(Featured image: boys with donkey and cows in Egypt. Credit Kim Bartlett – Animal People, Inc.)
Animal Welfare in Islamic Law
الرفق بالحيوان في شريعة الإسلام
Introduction by Author, Dr. Kristen Stilt:
In my studies of Islamic law, I have always been impressed by the extensive rules that require humans to treat animals kindly and with mercy. These rules are wide ranging, and include significant protections for work animals like horses and donkeys, requirements that slaughtering be done in the absolutely merciful way as possible, and commands to treat dogs and cats kindly in all situations. The position on animal welfare within Islamic law is an excellent example of compassion and concern for those who depend on others for their care. Islamic legal protection of animal welfare is truly a model for everyone, and if these protective rules were applied world wide, the amount of animal suffering would be radically reduced and the situation for animals would be tremendously better.
With these incredibly strong protections for animals in Islamic law, however, I am dismayed to see the rejection and negligence of these rules on the streets of Cairo today. It has become normal to see young boys running after a small dog or pitiful cat and throwing rocks at the poor creatures, or tying up the puppy and dragging him by the rope. They may even continue with this torture until they kill the animal. It is even more common to see an emaciated donkey (or mule or horse) pulling a heavy cart through the streets of Cairo, and the driver of the cart has whipped the donkey so badly that he has bleeding sores. If you asked the children who are torturing the dog why they are doing it, sometimes they even say that Islam requires this cruelty to dogs. Likewise, the driver of the cart believes that because he owns the donkey (or mule or horse), he is permitted to do what he wants with his property. He is not concerned that the donkey will suffer, drop from the weight of the burden, or even die from this treatment.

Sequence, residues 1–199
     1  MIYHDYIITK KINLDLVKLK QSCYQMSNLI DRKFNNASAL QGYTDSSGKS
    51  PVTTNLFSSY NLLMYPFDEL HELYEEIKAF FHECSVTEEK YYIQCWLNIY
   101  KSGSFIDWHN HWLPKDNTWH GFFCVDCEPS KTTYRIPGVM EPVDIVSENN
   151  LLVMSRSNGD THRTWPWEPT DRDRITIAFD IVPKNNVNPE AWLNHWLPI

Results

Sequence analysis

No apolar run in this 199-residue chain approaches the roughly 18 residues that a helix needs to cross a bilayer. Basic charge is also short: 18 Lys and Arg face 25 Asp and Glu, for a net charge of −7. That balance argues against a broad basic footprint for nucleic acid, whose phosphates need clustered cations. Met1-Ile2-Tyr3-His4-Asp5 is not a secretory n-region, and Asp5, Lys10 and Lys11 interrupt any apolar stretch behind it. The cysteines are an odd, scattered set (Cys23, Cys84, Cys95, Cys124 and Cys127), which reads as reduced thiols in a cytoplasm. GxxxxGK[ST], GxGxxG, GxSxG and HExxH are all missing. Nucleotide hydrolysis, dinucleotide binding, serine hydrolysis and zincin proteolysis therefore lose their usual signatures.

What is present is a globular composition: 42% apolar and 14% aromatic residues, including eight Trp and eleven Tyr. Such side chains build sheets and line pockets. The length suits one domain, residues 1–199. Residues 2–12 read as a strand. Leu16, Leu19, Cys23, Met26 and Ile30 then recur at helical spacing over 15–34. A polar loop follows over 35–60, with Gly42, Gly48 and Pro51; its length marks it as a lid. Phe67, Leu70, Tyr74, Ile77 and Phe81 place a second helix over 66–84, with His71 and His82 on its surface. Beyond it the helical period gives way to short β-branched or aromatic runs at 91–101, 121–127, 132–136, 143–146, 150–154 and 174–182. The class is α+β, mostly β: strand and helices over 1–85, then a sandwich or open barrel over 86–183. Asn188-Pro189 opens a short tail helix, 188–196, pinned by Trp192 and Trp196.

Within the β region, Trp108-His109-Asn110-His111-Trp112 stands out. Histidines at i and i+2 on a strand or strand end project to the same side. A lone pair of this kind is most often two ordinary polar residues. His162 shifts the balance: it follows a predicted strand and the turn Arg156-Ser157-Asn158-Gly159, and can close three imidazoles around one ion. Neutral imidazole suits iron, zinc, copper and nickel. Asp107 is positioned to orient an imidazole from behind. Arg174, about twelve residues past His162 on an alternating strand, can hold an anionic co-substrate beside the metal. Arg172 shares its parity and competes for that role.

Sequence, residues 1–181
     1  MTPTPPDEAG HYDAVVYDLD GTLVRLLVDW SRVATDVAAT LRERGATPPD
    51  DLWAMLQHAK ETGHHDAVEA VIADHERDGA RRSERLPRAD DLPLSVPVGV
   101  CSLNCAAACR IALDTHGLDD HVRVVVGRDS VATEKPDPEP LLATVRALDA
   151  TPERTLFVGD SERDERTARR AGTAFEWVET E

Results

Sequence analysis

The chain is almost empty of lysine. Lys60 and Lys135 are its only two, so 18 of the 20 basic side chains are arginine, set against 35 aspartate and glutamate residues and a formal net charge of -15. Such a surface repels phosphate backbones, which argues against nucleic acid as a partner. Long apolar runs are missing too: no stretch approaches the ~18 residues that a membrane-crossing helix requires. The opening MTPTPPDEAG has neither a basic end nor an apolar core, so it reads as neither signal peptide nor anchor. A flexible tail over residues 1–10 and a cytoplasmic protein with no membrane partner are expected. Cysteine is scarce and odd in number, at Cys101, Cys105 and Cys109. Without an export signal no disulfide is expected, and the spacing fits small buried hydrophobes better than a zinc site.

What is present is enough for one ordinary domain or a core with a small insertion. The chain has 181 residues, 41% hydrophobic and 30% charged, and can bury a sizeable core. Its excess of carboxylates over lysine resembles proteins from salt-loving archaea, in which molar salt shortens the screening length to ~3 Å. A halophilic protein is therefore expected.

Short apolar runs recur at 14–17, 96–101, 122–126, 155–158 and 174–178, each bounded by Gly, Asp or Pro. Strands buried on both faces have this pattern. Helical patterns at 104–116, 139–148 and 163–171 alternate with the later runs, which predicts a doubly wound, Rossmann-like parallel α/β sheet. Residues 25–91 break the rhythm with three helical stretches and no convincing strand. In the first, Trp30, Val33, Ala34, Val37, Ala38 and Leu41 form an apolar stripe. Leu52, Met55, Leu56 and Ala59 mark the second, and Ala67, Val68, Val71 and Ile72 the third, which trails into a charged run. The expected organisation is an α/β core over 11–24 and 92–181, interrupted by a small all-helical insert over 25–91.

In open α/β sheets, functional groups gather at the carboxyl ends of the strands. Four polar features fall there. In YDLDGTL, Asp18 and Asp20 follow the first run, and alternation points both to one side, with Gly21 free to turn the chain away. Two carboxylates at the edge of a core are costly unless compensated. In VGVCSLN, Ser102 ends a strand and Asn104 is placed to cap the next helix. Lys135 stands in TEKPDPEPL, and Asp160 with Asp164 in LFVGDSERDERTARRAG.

I fear that the Islamic rules requiring kindness to animals are being neglected and forgotten. I have noticed, for example, that no one will try to exhort the driver of the cart to lighten the load or to stop beating the donkey, because people have gotten used to this kind of behavior. It takes so little to avoid cruelty, and so the cruelty is even more tragic. When foreigners visit Cairo and see these actions, they think, unfortunately, that cruelty to animals is allowed—or worse, required—by Islamic law.
I wrote this booklet for two reasons. First, I want to show the amazing range of animal welfare and protection that is required by Islamic law. Despite all of the attention on Islam and Islamic law throughout the world in recent years, the area of animal welfare has been completely missing in discussions about Islamic law. The rules of Islamic law on animal welfare, established in the seventh century, do more to protect animals than the laws of any country today. Second, through this booklet I ask Egyptians and Muslims generally to follow the wonderful rules of animal welfare that the religion requires, and thereby lead us all to a kinder and safer place for animals world wide. The field of animal welfare desperately needs positive examples and leaders, and I invite Muslims to be the example for everyone else to follow.